Few FCC issues have elicited the sustained attention of the general public, public interest groups of all persuasions, the media, and the cable, telco and wireless industries as Net Neutrality. It is one of those rare issues that can drive a united front among the major Internet services providers.
In parallel, the Commission, guided by the Chairman and with the Office of Strategic Planning & Policy Analysis doing the heavy lifting, is in the midst of significant, though less widely reported, efforts to address a far more pressing issue for many of the country’s rural communities: For all intents and purposes, these communities do not have broadband services and find themselves on the wrong side of the “Digital Divide.”
Net Neutrality – The Political Stakes Keep Rising
The FCC’s proposal that sought to “thread the needle,” between the perceived risks of no regulation of the Internet and the D.C. Circuit’s opinion in Verizon v. FCC, has proved a lightning rod for criticism, stemming principally from the FCC’s tentative conclusion to “permit broadband providers to engage in individualized practices [to accommodate some form of “fast lane” agreements], while prohibiting those broadband provider practices that threaten to harm Internet openness.” In an early defense of his proposal and looking to placate its critics, FCC Chairman Wheeler expressed a willingness to impose Title II regulation, if the agency’s proposal proves ineffective.
The political winds are now blowing in the direction of some form of Title II regulation. House Minority Leader Nancy Pelosi (D-Calif.) has called for Title II regulation as have other members of the House. In response, the cable industry recently “took the gloves off” noting that Title II regulation will inevitably lead to a “real Internet Slowdown” in contrast to the Internet Slowdown Day staged by several technology companies supporting Title II regulation. The cable industry’s warning has not slowed the momentum toward Title II regulation.
President Obama recently issued a surprisingly strong statement on the importance of net neutrality that may drive the FCC toward a decision decidedly adverse to the positions of the major ISPs. This drama will play itself out in the coming months as the Chairman takes one cue or another and the FCC staff wades through the 3.7 million (and counting) filings.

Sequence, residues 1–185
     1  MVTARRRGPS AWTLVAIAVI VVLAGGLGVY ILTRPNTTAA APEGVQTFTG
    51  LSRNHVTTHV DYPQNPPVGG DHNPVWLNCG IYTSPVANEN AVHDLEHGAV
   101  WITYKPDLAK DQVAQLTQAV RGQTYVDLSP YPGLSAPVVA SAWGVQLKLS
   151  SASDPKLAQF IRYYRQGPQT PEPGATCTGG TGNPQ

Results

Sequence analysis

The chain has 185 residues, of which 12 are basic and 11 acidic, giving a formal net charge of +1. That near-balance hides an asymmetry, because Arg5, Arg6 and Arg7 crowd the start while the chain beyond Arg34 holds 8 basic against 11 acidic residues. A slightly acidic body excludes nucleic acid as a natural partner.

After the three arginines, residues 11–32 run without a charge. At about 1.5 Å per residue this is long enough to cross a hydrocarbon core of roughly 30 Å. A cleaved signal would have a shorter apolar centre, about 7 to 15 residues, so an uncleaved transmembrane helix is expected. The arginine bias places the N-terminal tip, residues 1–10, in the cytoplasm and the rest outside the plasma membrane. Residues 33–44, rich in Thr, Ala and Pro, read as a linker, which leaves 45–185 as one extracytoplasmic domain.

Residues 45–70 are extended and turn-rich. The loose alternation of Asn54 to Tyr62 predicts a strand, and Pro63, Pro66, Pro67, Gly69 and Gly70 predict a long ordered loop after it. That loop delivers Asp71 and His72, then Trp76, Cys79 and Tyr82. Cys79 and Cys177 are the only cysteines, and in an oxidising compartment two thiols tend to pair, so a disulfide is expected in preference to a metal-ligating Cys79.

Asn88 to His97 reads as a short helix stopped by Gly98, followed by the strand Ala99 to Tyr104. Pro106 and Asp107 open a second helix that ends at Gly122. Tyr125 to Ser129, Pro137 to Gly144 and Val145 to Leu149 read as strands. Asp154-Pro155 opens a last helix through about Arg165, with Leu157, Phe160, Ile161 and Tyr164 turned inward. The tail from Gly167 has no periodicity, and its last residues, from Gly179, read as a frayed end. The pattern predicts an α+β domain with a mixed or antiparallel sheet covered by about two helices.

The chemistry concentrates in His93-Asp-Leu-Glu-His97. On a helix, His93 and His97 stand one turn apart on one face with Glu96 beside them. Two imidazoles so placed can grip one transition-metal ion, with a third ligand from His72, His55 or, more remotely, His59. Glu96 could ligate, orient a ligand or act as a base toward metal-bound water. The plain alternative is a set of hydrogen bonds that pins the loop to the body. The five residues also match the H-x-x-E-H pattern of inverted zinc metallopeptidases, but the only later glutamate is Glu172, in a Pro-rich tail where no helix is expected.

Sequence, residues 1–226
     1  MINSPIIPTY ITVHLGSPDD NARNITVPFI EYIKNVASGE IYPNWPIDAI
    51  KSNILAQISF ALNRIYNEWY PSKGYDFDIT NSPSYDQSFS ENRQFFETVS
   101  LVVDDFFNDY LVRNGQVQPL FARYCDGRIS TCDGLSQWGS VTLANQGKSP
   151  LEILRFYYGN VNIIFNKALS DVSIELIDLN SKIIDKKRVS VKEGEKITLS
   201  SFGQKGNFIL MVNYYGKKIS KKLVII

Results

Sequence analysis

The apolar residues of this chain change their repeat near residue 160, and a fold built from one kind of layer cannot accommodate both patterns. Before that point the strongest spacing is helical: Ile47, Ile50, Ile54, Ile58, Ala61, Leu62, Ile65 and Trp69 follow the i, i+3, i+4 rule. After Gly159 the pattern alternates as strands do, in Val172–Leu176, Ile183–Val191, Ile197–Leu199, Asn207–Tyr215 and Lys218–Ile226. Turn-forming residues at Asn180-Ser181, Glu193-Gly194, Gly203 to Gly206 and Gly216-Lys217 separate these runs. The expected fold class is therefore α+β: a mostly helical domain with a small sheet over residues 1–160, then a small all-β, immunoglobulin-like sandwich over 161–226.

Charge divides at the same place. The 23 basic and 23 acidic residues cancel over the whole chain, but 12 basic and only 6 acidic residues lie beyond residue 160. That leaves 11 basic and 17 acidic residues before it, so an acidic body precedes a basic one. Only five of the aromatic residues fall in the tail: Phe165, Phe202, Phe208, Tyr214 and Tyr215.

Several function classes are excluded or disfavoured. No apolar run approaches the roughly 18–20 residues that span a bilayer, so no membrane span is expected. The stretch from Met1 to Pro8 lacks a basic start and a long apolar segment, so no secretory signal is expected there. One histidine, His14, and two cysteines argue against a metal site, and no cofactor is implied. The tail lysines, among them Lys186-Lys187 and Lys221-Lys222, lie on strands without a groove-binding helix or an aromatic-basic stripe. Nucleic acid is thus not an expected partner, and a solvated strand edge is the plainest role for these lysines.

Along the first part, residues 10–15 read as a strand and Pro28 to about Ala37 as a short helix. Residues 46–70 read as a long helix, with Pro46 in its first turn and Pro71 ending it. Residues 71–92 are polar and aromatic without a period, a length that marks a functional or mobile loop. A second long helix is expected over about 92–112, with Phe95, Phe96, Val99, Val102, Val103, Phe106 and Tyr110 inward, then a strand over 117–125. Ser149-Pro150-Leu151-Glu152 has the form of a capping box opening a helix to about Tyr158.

Rural Broadband—A More Pressing Problem
In the author’s view, the shortfall in rural broadband availability is largely the result of leaving broadband deployment “to the market.” The major cable operators and the telecom conglomerates that control the price cap ILECs operate high capacity broadband networks in metropolitan areas, often in competition with each other and, sometimes, with those of aggressive start-ups, but the Nation’s rural and ex-urban broadband markets are largely ignored by these major services providers.
The cable operators have always defined their service territories, and apparently will continue to do so. Comcast’s proposed acquisition of Time Warner contemplates an even larger, urban-based cable operator. Neither entity has proposed extending their service territories into rural areas or acquiring smaller cable operators to enhance the downstream and upstream speeds of rural operators.
Verizon has essentially frozen its FiOS buildout and has exited the local landline business in four states: Maine, Vermont, New Hampshire and West Virginia. AT&T has announced broadband upgrades in selected cities—often in response to Google’s fiber initiatives, which in and of themselves, has given us “fiberhoods” in light of the tech giant’s narrowly defined fiber buildouts. Yet, AT&T is reserving the option not to proceed in any market if the municipal right-of-way policies or the economics of a planned buildout don’t meet expectations. The “flip-side” of AT&T’s announcements is that the mega-carrier is unwilling to extend these measured commitments to the thousands of communities in which it operates the local ILEC.
To its credit, the FCC is aggressively building upon its USF and Intercarrier Compensation Transformation Order affirmed by the 10th Circuit’s recent opinion, implementing major changes in the distribution of USF monies to extend meaningful broadband connectivity to rural communities. This ongoing policy shift is grounded in the widely-held belief in the importance of the Internet, elegantly set out in the bestseller, The Second Machine Age, in which the authors emphasize not only the benefits that the Internet provides to individuals, but also value the Internet confers on society as it brings more “people into the community of potential knowledge creators, problem solvers and innovators.”
Next: Highlights of the FCC’s Rural Broadband Policies